A coldness settles between them. Margo doesn’t know what she’s done wrong. She wants to know if Susan died of something hereditary but she doesn’t know how to ask now.
‘I’m so sorry.’
‘Oh aye, yeah. She was it for me. She was my wee sister. She was the world to me and I was it for her. Know what I mean?’
‘How did she die…?’
‘Got murdered.’ She says it carelessly, as if they’re talking about a lost scarf.
‘Yeah. There was a lot of that back then.’
‘Oh? Back – when is this we’re talking about?’
‘Aye… late eighties, early nineties. Lot of it.’
‘I’m so sorry, I didn’t know. Who murdered her?’
‘A stranger off the street.’
‘Oh God, how awful, I’m so sorry.’
‘I know who it was, I know where he lives, I know what he did, I just can’t get him.’
‘Oh!’ This is what she was hinting about in her letters, this is the Jack the Ripper stuff. Margo wants to steer her away from it. ‘Well! What else can you tell me about Susan herself? Was Susan tall?’
‘No. ’Bout five foot three.’
‘Did she do well at school?’
‘Did she like to read?’
This isn’t going well. Margo thinks Nikki might like to talk about herself. ‘Do you have children of your own, Nikki?’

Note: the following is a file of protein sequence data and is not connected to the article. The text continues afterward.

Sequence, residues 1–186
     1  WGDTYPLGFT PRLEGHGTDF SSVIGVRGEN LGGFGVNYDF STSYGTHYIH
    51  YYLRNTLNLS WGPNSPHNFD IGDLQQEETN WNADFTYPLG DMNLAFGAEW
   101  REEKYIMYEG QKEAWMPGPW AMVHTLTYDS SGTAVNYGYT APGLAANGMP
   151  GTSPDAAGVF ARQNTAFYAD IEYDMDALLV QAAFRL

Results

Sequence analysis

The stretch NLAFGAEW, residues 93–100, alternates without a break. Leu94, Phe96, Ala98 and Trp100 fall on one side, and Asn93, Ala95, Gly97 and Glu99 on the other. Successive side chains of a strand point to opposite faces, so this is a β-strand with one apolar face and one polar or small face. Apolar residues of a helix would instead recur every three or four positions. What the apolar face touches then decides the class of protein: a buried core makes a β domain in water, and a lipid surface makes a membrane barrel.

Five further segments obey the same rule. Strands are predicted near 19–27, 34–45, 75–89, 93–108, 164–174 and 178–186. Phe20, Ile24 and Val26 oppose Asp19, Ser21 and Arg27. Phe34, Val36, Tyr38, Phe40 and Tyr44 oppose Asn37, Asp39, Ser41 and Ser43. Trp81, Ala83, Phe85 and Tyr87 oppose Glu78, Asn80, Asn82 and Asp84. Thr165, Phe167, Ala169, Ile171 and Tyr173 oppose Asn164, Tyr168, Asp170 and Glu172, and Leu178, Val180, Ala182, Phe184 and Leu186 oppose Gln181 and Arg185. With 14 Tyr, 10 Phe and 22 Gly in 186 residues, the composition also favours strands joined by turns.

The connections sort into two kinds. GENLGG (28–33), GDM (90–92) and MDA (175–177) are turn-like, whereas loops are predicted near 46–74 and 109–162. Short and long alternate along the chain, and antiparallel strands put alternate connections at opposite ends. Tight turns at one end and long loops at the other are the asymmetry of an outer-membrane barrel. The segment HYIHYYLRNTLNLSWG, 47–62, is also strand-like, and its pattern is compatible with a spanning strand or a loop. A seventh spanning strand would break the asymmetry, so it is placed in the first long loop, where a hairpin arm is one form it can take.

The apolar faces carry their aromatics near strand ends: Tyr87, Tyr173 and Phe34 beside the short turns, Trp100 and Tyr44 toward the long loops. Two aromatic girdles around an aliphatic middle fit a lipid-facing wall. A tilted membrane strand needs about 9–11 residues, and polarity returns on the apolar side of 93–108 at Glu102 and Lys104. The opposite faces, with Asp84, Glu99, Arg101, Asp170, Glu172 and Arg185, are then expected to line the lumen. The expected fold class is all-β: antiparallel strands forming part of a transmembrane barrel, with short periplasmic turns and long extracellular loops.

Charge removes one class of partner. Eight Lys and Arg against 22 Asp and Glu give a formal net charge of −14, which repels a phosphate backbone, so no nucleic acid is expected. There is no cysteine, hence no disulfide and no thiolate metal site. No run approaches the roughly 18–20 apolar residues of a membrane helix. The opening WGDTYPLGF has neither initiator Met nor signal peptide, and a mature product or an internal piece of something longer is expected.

‘Ah no, sadly.’
‘Did you want children?’
‘Of course I did. I’m normal.’
Quite an odd reason to have children but Margo has patients who’ve had kids for less cogent reasons.
‘When did Susan –’
‘Look, this is a whole lot of questions,’ says Nikki, blinking nervously. ‘I thought we were just going to meet each other.’
‘’S OK but – it’s a lot. Today has been – a lot.’
‘Fair enough. Thank you so much, again, for the photograph. It means a lot to me.’
‘You’re welcome. Can’t believe your hair is her hair.’
‘I’ve never seen anyone else with my hair before.’
‘I know, me neither, it’s unique! That’s what she used to say. Unique!’
Confident that the meeting is going smoothly, Tracey stands up and says that the office is about to shut but maybe they’d like to stay on for a wee fifteen minutes or so and have a cup of tea? It’s very kind of her. She’s already staying late, past the end of her shift, hoping that the meeting can be salvaged. Mindful of this, Margo says no thanks but Nikki says oh, aye, please, she’s dead thirsty. Tracey goes off to get it, leaving the door ajar.
Nikki watches her leave, keeping her eyes on the corridor as she whispers urgently to Margo:
‘She was murdered by Martin McPhail. They never got enough on him, but you and me, you being a doctor, we can catch the fucker.’
Margo blinks. In the distance she can hear a kettle boiling.